Disease-resistant Tasmanian oysters help safeguard South Australian oyster industry
A selective breeding program for disease resistance to deadly Pacific Oyster Mortality Syndrome had proved to be highly successful.
Disease-resistant Pacific oysters, selectively bred and reared at the Institute for Marine and Antarctic Studies (IMAS) in Tasmania, are now thriving in the waters off Cowell on the Eyre Peninsula – with their offspring set to safeguard South Australia’s oyster industry from the deadly Pacific Oyster Mortality Syndrome (POMS).
POMS is highly contagious and rapidly fatal to Pacific oysters. First detected in 2012 in Australia, it quickly spread in Tasmania after its detection in 2016. At that time, the industry and researchers established an industry-led research collaborative to deal with the crisis. Funded by a Cooperative Research Centre Project (CRC-P) grant, a key focus of the program was to selectively breed Pacific oysters for disease resistance to POMS. “The breeding program was set up at IMAS Taroona where Australian Seafood Industries and IMAS had long been collaborating on the selective breeding of Pacific oysters – so most of the elements were already in place to do the work,” IMAS Molluscan Aquaculture leader, Andrew Trotter, said.
ASI general manager and CRC-P leader, Matt Cunningham, said selective breeding for disease resistance to POMS had proved to be highly successful. “A key issue is the way selective breeding is done. The ASI oyster families are ‘challenged’ in disease outbreaks on Tasmanian farms, with the survivors used for breeding the next more resistant generation. But a small percentage of the survivors remain positive for the Ostreid herpes virus, which is known to lie dormant before becoming active again.”
Trotter said the spread of POMS is not well understood and the potential for vertical transmission, from parent to offspring (spat), was a valid reason for South Australian biosecurity regulators to ban the import of spat from Tasmania. “In 2016, when the first ASI families were bred from broodstock raised in the POMS-infected zones in Tasmania, we were mindful that the larvae and spat could get the disease – but we didn’t see any vertical transmission of the disease. We realized the risk of vertical transmission was really low, with thousands of batches from spawning events in France, New Zealand and Australia showing no evidence of disease transmission.”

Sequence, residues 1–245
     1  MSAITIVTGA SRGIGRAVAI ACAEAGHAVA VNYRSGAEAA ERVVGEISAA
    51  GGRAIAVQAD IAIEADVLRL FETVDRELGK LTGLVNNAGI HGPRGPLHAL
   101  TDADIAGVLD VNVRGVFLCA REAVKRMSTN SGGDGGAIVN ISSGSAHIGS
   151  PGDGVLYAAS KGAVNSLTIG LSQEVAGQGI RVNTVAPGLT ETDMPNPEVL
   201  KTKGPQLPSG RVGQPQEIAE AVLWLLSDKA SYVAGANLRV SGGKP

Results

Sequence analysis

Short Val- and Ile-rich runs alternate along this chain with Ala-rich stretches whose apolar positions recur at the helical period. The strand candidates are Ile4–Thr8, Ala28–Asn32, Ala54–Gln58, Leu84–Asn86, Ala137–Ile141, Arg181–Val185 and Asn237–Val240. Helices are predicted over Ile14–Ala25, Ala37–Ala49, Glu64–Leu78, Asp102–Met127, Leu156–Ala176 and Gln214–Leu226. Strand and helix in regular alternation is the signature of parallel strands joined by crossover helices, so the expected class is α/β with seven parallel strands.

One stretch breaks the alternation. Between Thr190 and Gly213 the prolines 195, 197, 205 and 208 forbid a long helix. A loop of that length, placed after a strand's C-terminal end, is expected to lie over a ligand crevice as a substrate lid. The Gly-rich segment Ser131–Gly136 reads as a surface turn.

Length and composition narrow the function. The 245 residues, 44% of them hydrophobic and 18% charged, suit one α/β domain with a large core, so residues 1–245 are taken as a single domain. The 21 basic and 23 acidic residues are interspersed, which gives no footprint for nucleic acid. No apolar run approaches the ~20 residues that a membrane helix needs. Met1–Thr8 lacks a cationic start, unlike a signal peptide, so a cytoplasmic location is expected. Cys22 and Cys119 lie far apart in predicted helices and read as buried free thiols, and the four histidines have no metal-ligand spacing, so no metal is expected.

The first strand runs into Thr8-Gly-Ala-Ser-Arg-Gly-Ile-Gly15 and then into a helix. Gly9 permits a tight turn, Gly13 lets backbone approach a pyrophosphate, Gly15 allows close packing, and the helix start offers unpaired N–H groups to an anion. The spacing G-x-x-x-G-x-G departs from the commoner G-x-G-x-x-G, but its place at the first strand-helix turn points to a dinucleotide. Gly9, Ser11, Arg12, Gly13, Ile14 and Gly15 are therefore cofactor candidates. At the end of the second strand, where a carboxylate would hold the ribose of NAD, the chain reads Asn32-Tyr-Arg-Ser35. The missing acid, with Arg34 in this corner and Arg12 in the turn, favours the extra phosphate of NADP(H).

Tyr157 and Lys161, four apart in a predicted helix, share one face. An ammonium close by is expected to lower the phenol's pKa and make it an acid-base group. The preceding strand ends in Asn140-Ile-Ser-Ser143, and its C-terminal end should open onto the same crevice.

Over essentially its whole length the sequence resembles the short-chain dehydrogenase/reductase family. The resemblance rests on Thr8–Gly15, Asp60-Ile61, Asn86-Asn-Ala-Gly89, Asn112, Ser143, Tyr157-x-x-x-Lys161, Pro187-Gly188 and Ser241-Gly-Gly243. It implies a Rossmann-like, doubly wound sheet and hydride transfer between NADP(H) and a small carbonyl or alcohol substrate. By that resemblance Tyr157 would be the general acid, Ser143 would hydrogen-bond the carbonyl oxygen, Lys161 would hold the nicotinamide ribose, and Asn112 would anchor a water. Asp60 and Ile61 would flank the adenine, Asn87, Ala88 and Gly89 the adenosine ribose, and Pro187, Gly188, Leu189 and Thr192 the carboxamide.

The research team worked with colleagues in France and New Zealand, and the Tasmanian Department of Primary Industries Water and Environment (DPIPWE), to let regulators know about these results so they could make evidence-based decisions. The research outcomes can be found here.
Meanwhile, the industry was also finding their test results on spat were all coming back negative. This prompted strong lobbying from the South Australian oyster industry to get our most resistant 2020 families into South Australia and, in March 2021, State Government approval was given.
“Before leaving Tasmania, the spat were screened for Ostreid herpes virus, then sent from our IMAS Biosecure Facility to the South Australian Aquatic Biosecurity Centre at Roseworthy for a month of quarantine,” Trotter said. “The spat were screened again for the virus before finally being released at Cowell in April this year. Since then, ASI has conducted regular checks on the stocks, which are performing well. They should be ready for breeding in late 2022.”
The stock now represents an extremely valuable resource for South Australia if a POMS outbreak occurs in the State’s farming areas of South Australia. “The best result will be to see the disease resistance in our selectively-bred Tasmania oysters directly transferrable to those in South Australia,” Cunningham concluded.